Late yesterday afternoon the federal government of the United States announced that the national debt had finally breached the inevitable $20 trillion mark.
This was a long time coming. It should have happened back in March, except that a new debt ceiling was put in place, freezing the national debt.
For the last six months it was essentially illegal for the government to increase the debt.
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This is pretty brutal for Uncle Sam. The US government hasn’t run a budget surplus in two decades; they depend on debt in order to keep everything running.
And without the ability to ‘officially’ borrow money, they’ve basically spent the last six months ‘unofficially’ borrowing money by plundering federal pension funds and resorting to what the Treasury Department itself calls “extraordinary measures” to keep the government running.
Late last week the debt ceiling crisis came to a temporary armistice as the government agreed once again to temporarily suspend the debt limit.
Overnight, the national debt soared hundreds of billions of dollars as months of ‘unofficial’ borrowing made its way on to the official books.
The national debt is now $20.1 trillion. That’s larger than the size of the entire US economy.
You’d think this would be front page news with warnings being shouted from the rooftops of America.
Yet curiously the story has scarcely been covered.
Today’s front page of the New York Times tells us about Hurricane Irma, North Korea, and alcoholism in Iran.
Even the Wall Street Journal’s front page has zero mention of this story.
In fairness, the number itself is irrelevant. $20 trillion is merely a big, round, psychologically significant number… but in reality no more important than $19.999 trillion.
The real story isn’t the number or the size of the debt itself. It’s the trend. And it’s not good.
Year after year after year, the US government spends far more money than it collects in tax revenue.
According to the Treasury Department’s own figures, the government’s budget deficit for the first 10 months of this fiscal year (i.e. October 2016 through July 2017) was $566 billion.
That’s larger than the entire GDP of Argentina.
Since the government has to borrow the difference, all of this overspending ultimately translates into a higher national debt.
Make no mistake, debt is an absolute killer.
History is full of examples of once-dominant civilizations crumbling under the weight of their rapidly-expanding debt, from the Ottoman Empire to the French monarchy in the 1700s.
Or as former US Treasury Secretary Larry Summers used to quip, “How long can the world’s biggest borrower remain the world’s biggest power?”
It’s hard to project strength around the world when you constantly have to borrow money from the Chinese… or have your central bank conjure paper money out of thin air.
And yet tackling the debt has become nearly an impossibility.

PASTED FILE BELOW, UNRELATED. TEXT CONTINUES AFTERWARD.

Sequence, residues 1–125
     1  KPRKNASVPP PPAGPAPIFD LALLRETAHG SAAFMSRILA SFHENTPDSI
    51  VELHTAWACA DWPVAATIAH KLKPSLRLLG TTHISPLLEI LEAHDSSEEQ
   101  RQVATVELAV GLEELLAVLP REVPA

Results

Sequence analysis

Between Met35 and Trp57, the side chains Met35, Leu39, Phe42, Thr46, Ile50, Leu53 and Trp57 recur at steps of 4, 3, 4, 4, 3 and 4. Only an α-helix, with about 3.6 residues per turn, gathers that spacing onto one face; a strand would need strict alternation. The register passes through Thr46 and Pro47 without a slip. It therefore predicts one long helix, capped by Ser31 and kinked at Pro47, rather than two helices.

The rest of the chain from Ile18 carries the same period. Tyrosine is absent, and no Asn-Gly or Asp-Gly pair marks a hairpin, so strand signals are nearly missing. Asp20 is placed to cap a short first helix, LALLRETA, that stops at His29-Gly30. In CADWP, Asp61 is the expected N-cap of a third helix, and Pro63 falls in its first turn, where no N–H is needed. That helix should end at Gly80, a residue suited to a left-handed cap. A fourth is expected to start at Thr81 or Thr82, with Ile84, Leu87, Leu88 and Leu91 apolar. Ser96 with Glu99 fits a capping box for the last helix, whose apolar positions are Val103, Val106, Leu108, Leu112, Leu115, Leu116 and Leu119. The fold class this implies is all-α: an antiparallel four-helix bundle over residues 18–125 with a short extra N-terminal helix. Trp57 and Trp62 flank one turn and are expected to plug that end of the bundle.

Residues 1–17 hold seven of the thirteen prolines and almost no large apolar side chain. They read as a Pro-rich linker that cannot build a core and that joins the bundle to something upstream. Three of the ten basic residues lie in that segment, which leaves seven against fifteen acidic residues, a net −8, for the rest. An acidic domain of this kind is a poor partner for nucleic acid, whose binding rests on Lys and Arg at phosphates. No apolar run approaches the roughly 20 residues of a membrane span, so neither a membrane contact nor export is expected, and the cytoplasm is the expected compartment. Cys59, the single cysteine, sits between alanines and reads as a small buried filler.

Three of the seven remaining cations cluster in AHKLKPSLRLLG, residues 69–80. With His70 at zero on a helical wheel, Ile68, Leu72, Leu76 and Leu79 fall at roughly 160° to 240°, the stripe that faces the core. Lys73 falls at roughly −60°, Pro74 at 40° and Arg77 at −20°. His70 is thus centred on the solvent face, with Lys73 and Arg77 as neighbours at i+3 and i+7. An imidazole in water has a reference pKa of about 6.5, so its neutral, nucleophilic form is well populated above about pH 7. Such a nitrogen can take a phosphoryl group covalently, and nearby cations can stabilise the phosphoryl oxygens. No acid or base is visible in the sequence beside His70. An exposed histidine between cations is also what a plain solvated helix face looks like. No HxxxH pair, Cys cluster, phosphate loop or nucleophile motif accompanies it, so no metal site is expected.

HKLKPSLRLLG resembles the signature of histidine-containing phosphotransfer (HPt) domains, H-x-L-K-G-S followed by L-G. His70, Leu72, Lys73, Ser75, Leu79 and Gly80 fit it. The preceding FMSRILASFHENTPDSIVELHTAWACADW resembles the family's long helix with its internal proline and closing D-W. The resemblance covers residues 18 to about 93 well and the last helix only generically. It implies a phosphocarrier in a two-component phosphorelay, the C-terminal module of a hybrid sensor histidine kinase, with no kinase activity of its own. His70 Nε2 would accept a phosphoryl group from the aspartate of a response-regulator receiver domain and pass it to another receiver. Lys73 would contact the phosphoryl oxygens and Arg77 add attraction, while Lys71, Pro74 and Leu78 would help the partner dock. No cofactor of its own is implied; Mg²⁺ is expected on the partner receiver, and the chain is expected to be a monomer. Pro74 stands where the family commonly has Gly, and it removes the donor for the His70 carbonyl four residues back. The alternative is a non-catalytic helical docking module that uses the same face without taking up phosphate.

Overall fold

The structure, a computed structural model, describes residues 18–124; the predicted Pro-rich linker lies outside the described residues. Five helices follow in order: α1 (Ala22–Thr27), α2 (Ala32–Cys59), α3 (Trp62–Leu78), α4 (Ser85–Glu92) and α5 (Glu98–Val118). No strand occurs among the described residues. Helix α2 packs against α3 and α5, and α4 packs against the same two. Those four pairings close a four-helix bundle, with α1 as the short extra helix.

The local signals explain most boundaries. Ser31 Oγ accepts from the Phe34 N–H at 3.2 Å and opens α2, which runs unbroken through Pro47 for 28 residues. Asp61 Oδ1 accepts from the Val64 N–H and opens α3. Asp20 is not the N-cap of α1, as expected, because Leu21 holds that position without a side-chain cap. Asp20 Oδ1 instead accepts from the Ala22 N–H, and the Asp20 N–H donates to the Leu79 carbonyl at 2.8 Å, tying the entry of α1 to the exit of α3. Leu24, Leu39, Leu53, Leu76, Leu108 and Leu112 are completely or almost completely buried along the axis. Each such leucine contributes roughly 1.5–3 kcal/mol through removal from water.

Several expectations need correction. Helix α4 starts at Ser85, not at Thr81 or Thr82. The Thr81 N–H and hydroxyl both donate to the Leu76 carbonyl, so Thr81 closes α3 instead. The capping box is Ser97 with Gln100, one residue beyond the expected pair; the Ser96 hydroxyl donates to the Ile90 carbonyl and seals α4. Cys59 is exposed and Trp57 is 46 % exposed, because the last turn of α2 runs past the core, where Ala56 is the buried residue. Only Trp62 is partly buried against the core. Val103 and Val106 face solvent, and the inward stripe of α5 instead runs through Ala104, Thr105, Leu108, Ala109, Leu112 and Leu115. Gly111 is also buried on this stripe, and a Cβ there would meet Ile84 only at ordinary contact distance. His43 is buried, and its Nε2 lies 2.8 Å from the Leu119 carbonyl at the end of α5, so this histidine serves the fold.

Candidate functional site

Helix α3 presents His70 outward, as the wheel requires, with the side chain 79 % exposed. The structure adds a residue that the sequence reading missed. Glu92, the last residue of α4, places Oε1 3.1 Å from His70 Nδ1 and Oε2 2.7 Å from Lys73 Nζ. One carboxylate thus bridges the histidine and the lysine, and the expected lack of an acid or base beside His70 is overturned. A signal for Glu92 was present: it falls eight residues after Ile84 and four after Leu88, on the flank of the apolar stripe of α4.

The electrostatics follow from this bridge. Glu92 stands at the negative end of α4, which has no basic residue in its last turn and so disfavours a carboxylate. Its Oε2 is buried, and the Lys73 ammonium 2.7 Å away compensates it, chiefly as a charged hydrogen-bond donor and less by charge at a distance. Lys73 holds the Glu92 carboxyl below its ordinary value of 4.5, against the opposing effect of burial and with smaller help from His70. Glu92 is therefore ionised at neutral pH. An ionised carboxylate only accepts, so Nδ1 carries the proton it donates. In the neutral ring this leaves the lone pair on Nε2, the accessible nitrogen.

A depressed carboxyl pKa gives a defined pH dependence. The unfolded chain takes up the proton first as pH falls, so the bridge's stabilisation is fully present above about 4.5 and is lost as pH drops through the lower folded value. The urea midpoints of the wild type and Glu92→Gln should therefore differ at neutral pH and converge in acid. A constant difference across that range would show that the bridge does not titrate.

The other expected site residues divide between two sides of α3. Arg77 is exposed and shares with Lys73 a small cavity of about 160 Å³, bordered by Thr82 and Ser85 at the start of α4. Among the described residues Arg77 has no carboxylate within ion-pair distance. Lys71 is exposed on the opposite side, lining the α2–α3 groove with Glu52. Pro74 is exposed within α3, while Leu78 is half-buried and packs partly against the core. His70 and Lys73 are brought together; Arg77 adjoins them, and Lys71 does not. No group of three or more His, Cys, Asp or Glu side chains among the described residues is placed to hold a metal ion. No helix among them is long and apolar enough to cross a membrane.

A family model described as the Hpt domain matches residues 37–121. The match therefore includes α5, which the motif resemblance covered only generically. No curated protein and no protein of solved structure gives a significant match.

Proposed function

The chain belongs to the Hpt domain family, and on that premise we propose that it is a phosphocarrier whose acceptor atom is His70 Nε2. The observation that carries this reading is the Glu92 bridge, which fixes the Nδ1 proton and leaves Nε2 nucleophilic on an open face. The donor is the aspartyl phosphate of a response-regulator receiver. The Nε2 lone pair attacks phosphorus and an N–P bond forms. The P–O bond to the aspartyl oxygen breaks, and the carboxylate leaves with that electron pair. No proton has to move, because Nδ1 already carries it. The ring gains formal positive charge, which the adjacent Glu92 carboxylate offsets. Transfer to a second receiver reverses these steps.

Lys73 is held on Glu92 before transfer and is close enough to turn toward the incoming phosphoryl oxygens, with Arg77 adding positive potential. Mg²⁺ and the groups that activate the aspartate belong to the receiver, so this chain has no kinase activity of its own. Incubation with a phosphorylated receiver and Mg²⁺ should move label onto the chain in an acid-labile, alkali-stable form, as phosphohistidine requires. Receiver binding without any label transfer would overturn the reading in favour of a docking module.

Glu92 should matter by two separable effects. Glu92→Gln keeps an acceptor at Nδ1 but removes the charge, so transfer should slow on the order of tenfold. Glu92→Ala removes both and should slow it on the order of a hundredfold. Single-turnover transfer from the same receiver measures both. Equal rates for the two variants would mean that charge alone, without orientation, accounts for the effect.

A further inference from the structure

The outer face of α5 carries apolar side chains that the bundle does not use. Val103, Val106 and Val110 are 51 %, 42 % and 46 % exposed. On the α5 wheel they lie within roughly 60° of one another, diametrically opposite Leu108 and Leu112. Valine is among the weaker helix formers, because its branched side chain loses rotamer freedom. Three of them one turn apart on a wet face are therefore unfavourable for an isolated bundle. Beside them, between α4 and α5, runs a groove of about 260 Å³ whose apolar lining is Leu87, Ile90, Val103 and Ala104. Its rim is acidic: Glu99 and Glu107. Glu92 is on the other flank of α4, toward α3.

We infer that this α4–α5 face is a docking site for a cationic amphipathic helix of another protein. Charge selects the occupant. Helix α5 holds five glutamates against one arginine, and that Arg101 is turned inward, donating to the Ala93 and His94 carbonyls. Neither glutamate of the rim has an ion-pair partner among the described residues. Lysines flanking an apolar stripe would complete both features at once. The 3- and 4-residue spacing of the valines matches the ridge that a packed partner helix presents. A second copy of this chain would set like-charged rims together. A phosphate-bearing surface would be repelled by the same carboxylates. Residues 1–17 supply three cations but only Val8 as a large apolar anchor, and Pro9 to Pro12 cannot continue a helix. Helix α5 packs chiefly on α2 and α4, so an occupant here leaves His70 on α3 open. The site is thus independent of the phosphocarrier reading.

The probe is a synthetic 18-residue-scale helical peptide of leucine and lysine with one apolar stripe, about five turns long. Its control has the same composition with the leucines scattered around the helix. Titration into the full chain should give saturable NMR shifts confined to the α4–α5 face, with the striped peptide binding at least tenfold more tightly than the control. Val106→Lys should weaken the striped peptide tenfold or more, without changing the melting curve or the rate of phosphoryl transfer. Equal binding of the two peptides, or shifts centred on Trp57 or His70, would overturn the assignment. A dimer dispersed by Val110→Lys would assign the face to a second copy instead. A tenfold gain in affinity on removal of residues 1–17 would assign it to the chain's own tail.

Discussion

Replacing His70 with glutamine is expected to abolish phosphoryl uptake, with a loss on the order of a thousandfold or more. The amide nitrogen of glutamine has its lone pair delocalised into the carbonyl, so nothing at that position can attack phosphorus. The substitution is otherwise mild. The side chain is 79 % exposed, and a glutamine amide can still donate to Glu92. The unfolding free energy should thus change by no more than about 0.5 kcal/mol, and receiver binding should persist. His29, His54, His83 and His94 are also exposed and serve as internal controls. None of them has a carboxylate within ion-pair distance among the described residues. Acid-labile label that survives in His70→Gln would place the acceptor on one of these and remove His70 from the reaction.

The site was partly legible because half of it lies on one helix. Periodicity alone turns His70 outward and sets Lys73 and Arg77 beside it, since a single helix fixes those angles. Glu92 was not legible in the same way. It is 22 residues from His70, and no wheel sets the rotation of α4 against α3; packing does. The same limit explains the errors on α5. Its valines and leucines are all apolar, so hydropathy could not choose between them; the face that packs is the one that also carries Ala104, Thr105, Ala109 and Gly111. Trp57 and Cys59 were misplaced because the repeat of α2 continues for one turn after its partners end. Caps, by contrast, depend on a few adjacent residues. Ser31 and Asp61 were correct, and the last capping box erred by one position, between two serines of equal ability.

Just look at the top four line items in the US government’s budget: Social Security, Medicare, Military, and, sadly, interest on the debt.
Those four line items alone account for nearly NINETY PERCENT of all US government spending.
Cutting Social Security or Medicare entitlements is political suicide.
Not top mention, both of those programs are actually EXPANDING as 10,000 Baby Boomers join the ranks of Social Security recipients every single day.
Then there’s military spending, which hardly seems likely to fall significantly in an age of constant threats and warfare.
The current White House proposal, in fact, is a 10% increase in military spending for the next fiscal year.
And last there’s interest on the debt, which absolutely cannot be cut without risking the most severe global financial meltdown ever seen in modern history.
So that’s basically 90% of the federal budget that’s here to stay… meaning there’s almost no chance they’re going to be able to reduce the debt by cutting spending.
But perhaps it’s possible they can slash the national debt by growing tax revenue?
Possible. But unlikely.
Since the end of World War II, the US governments’ overall tax revenue has been VERY steady at roughly 17% of GDP.
You could think of this as the federal government’s ‘slice’ of the economic pie.
Tax rates go up and down. Presidents come and go. But the government’s slice of the pie almost always remains the same 17% of GDP, with very small variations.
With data this strong, it seems rather obvious that the solution is to allow the economy to grow unrestrained.
If the economy grows rapidly, tax revenue will increase. And the national debt, at least as a percentage of GDP, will start to fall.
Here’s the problem: the national debt is growing MUCH faster than the US economy. In Fiscal Year 2016, for example, the debt grew by 7.84%.
Yet even when including the ‘benefits’ of inflation, the US economy only grew by 2.4% over the same period.
In other words, the debt is growing over THREE TIMES FASTER than the economy. This is the opposite of what needs to be happening.
What’s even more disturbing is that this pedestrian economic growth is happening at a time of record low interest rates.
Economists tell us that low interest rates are supposed to jumpstart GDP growth. But that’s not happening.
If GDP growth is this low now, what will happen if they continue to raise rates?
(And by the way, raising interest rates also has the side effect of increasing the government’s interest expense, essentially accelerating the debt problem.)
Look– It’s great to be optimistic and hope for the best. But this problem isn’t going away, and it would be ludicrous to continue believing this massive debt is consequence-free.
There’s no reason to panic or be alarmist.
But it’s clearly time for rational people to consider this obvious data… and start thinking about a Plan B.